Jun 072011
 

From 17 June this year all member states of the European Union must implement Directive 2009/18/EC to have independent safety investigation bodies, to investigate very serious casualties and to publish reports within 12 months. They must also notify marine casualties and incidents to the European Maritime Casualty Information Platform, EMCIP, a non-publicly available database to store and analyse accident-related data about marine casualties and incidents.

EMCIP has been running on a voluntary basis for a couple of years, and becomes mandatory on 17 June. Ahead of the deadline, on 4-6 and 25-27 May, the European Maritime Safety Agency, EMSA, hosted 23 delegates from Member States in Lisbon to demonstrate the new database functions enabling them to compare the new and old versions, and test-run new features.

The EU Directive has raised concernes among some leading maritime accident investigators. Some investigations have taken more than the year mandated by the directive. To put that into context, in 2009 the UK’s Marine Accident Investigation Branch handled 1663 marine accidents and incidents  covered by a small team of 39 people on a tiny budget of £4m. This year, like all UK government departs, deep cuts in the budget were demanded. The new regime may well lead investigative agencies in a conflict of meeting the demands of the directive within current budgetary constraints.

 

 

 

 

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DWH Response, LRIT, Scrabble From EMSA

 EMSA, maritime safety news, publications  Comments Off on DWH Response, LRIT, Scrabble From EMSA
Nov 072010
 

Europe’s response in the aftermath of the Deepwater Horizon oil spill, first training event to help Member States prepare for ratification of the IMO’s Ballast Water Management Convention, the 5th meeting of the Consultative Technical Group for Marine Pollution, Preparedness and Response and the IMO exam of EU’s LRIT are covered in the current issue of newsletter of the European Maritime Safety Agency.

Download it here.

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Skimmers and Trainers From EMSA

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Jul 022010
 

emsa In this EMSA month’s newsletter…

– Transport Commissioner Kallas meet the teams behind EMSA

– EMSA skimmer goes America… to help with Gulf oil spill response

– Safemed II experts meet at EMSA

– New Inspection Regime “training for trainers” kicks off

– 5+5 Defence Initiative at EMSA

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EMSA Pays The Rent

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May 012010
 

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On 20 April, EMSA Executive director Willem de Ruiter symbolically handed over to Ms Natercia Cabral, President of the Port of Lisbon Administrative Board, a cheque to mark the first payment of the rent for the EMSA headquarters says that latest EMSA newsletter.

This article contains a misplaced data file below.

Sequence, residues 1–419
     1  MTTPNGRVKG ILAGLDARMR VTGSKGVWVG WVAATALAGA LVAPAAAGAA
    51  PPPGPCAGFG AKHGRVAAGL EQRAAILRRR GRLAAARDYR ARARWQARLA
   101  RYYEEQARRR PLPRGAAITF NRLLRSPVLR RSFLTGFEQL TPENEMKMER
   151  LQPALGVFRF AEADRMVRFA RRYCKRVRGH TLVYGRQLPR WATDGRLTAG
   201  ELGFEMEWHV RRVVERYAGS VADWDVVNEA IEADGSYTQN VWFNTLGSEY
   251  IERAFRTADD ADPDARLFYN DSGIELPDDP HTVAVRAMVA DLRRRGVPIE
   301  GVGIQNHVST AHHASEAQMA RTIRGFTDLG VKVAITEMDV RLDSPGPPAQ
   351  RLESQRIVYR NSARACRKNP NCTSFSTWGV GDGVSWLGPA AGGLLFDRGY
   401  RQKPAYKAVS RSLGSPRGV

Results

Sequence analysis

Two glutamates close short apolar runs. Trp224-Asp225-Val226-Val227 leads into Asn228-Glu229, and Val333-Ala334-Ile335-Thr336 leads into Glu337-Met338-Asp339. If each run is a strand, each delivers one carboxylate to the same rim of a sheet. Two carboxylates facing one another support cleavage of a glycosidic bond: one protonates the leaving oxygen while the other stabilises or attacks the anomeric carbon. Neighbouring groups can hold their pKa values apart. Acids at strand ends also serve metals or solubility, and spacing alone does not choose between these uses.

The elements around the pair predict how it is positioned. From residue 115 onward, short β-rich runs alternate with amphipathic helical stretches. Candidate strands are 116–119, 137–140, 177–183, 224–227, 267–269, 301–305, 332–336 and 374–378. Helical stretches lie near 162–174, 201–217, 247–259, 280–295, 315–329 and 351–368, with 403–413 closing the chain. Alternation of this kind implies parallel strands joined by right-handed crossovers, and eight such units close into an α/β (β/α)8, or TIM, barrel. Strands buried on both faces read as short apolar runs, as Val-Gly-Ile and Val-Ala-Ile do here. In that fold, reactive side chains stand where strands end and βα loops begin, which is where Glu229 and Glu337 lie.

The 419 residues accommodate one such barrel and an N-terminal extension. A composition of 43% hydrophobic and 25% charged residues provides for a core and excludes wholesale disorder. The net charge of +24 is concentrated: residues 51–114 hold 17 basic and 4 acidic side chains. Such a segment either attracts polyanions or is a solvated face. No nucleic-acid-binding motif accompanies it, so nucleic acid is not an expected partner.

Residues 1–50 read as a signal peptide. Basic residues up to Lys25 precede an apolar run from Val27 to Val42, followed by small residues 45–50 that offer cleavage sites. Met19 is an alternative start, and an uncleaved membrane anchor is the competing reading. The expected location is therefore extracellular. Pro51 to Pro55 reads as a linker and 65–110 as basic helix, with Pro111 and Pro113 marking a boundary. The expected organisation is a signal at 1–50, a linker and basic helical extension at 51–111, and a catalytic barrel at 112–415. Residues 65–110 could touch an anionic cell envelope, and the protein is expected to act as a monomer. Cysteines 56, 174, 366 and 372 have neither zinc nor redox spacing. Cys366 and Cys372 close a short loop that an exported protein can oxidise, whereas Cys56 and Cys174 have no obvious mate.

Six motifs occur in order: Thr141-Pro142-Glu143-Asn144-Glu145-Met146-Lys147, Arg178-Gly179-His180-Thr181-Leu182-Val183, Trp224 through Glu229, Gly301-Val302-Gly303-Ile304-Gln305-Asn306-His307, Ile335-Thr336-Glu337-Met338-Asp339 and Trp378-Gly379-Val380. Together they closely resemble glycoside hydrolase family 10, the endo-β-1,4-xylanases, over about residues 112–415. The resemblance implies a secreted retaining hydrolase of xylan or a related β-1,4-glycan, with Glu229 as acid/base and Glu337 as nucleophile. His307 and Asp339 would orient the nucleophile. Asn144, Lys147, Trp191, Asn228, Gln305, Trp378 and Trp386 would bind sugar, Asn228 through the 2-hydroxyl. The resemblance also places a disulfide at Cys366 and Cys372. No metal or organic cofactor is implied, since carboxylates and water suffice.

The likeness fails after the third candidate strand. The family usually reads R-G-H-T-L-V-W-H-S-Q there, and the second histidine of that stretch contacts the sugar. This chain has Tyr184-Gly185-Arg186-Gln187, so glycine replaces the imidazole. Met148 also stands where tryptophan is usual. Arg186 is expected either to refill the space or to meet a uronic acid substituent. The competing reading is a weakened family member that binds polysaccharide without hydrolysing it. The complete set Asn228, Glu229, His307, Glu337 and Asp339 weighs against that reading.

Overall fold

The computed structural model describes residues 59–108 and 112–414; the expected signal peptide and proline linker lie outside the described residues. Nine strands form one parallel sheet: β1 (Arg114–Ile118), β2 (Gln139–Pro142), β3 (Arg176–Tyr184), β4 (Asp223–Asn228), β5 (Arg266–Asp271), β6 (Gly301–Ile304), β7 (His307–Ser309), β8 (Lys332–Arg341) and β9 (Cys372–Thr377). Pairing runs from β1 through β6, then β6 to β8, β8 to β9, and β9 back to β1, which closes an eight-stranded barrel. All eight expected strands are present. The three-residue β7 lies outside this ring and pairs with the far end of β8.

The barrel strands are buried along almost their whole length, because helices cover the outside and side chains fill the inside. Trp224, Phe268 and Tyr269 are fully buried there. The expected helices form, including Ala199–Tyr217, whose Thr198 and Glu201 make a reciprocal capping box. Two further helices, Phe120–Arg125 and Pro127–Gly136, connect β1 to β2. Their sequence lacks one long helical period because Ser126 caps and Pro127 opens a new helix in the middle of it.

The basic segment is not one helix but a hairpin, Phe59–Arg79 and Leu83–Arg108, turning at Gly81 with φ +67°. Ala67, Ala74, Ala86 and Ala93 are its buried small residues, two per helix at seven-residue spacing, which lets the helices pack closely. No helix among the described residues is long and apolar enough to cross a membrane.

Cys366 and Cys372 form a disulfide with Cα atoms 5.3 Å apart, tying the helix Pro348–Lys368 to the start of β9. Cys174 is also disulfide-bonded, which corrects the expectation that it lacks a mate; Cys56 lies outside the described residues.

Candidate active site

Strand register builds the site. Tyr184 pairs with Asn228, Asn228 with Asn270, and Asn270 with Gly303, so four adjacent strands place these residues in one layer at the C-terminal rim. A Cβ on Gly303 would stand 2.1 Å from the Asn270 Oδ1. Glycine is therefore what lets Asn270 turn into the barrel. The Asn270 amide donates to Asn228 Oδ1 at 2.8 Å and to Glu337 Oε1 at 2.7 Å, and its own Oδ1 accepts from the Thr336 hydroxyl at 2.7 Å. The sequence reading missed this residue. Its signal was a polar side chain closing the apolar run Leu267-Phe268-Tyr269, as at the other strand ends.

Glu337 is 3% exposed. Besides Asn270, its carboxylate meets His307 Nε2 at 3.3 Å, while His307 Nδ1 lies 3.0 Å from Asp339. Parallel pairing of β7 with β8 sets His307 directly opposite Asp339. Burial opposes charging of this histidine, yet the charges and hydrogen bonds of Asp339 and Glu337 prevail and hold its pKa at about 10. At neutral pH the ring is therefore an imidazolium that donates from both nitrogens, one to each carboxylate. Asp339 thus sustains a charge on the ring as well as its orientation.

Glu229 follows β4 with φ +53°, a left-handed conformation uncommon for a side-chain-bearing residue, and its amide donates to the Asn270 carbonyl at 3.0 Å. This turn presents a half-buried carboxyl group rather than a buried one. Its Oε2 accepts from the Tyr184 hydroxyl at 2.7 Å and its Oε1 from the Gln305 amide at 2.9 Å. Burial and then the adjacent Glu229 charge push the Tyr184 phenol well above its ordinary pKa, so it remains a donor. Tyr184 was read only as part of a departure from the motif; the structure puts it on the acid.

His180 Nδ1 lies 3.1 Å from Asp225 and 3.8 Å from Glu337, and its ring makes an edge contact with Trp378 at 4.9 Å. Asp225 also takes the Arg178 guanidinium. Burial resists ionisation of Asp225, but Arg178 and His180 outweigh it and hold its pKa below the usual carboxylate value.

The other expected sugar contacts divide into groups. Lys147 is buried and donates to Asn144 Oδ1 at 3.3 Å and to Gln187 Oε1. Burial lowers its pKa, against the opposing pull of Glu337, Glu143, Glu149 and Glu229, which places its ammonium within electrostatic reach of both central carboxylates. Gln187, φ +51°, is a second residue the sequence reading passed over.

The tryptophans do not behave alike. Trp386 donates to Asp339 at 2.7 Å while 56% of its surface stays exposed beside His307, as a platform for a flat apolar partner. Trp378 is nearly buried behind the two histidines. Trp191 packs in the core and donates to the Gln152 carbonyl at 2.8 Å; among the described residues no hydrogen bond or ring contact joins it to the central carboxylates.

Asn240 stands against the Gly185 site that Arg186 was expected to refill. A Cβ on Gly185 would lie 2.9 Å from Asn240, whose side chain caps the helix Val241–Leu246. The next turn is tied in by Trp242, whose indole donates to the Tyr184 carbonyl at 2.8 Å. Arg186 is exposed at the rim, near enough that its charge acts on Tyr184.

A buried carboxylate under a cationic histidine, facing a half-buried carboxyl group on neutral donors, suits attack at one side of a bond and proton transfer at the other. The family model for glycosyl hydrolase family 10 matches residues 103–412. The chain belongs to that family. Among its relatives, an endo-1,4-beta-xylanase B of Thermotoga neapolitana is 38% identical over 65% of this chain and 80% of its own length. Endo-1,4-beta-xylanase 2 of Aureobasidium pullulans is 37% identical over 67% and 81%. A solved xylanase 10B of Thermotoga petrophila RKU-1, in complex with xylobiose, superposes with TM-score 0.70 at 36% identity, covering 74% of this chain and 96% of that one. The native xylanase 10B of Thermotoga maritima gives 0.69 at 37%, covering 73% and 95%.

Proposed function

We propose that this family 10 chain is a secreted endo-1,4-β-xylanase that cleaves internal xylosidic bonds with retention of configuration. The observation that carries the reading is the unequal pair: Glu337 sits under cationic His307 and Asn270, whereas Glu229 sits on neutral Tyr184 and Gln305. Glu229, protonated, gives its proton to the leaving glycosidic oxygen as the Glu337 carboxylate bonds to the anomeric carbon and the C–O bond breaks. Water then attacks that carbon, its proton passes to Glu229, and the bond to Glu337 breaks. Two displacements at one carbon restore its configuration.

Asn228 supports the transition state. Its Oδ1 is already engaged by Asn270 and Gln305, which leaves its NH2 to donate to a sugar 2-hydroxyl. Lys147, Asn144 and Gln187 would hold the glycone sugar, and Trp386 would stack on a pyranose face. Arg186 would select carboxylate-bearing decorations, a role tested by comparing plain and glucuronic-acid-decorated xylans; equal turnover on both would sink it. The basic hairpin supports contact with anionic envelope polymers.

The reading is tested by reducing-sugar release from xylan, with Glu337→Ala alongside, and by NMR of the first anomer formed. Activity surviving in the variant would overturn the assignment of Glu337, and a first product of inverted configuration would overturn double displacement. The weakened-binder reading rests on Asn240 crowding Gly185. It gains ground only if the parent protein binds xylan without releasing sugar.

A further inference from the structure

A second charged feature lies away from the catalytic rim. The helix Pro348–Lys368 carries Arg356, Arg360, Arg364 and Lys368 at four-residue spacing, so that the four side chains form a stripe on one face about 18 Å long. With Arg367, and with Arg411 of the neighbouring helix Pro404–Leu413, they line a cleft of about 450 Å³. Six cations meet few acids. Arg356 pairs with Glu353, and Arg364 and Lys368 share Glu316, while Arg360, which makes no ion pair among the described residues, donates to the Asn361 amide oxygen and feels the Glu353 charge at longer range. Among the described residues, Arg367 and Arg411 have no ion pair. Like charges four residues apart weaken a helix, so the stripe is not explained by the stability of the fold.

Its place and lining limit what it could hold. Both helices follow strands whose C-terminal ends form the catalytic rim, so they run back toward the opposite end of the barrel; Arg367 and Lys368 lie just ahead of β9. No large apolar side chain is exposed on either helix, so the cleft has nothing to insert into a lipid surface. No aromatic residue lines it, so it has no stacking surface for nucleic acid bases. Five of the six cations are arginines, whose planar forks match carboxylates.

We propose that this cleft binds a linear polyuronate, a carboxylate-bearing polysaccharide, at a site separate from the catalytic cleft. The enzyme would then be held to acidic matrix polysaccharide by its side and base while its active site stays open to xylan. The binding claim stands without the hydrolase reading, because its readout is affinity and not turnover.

Download the latest newsletter here.

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EMSA Newsletter 61 Out

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Apr 112010
 

imageEurope’s Maritime Safety Agency has issued its latest newsletter, No 61. It covers the launch of STIRES, the geographical information system interface to SafeSeaNet, approval of EMSA’s 5-year strategy approved, the first EMSA oilspill exercise in Bulgaria, and the visit to EMSA of the EU Transport and Tourism Committee MEPs.

Click here for a copy of the newsletter.

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EU – Watching You

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Mar 152010
 
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I'll be seeing you, not so much Big Brother as Auntie EMSA

For the first time, EMSA’s new SafeSeaNet tracking module, called STIRES, allows authorities to see all commercial vessels in and around EU waters in a single view. This will be soon be followed by the picture for the whole world.

The information has been available to EU member states in the SafeSeaNet system for some time, but this is the first time that users will be able to see it in a fully interactive, multi-functional display.

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Ireland Gets First Go With EMSA MAR-ICE

 container accident, containership, EMSA, publications  Comments Off on Ireland Gets First Go With EMSA MAR-ICE
Feb 082010
 

BG Dublin - What was in the lost box?

Ireland became the first to use the MAR ICE system in a real-life incident last month, says the latest newsletter of the European Maritime Safety Agency.

On 12 January, the container ship BG Dublin lost seven containers in a force 10 storm off Ireland.

Debris was washed up on the southern Irish coast, with one container including the hazardous material sodium bromate. On 14 January the Irish Coastguard requested info on the substance through EMSA’s MAR-ICE service. Information was provided within less than an hour.

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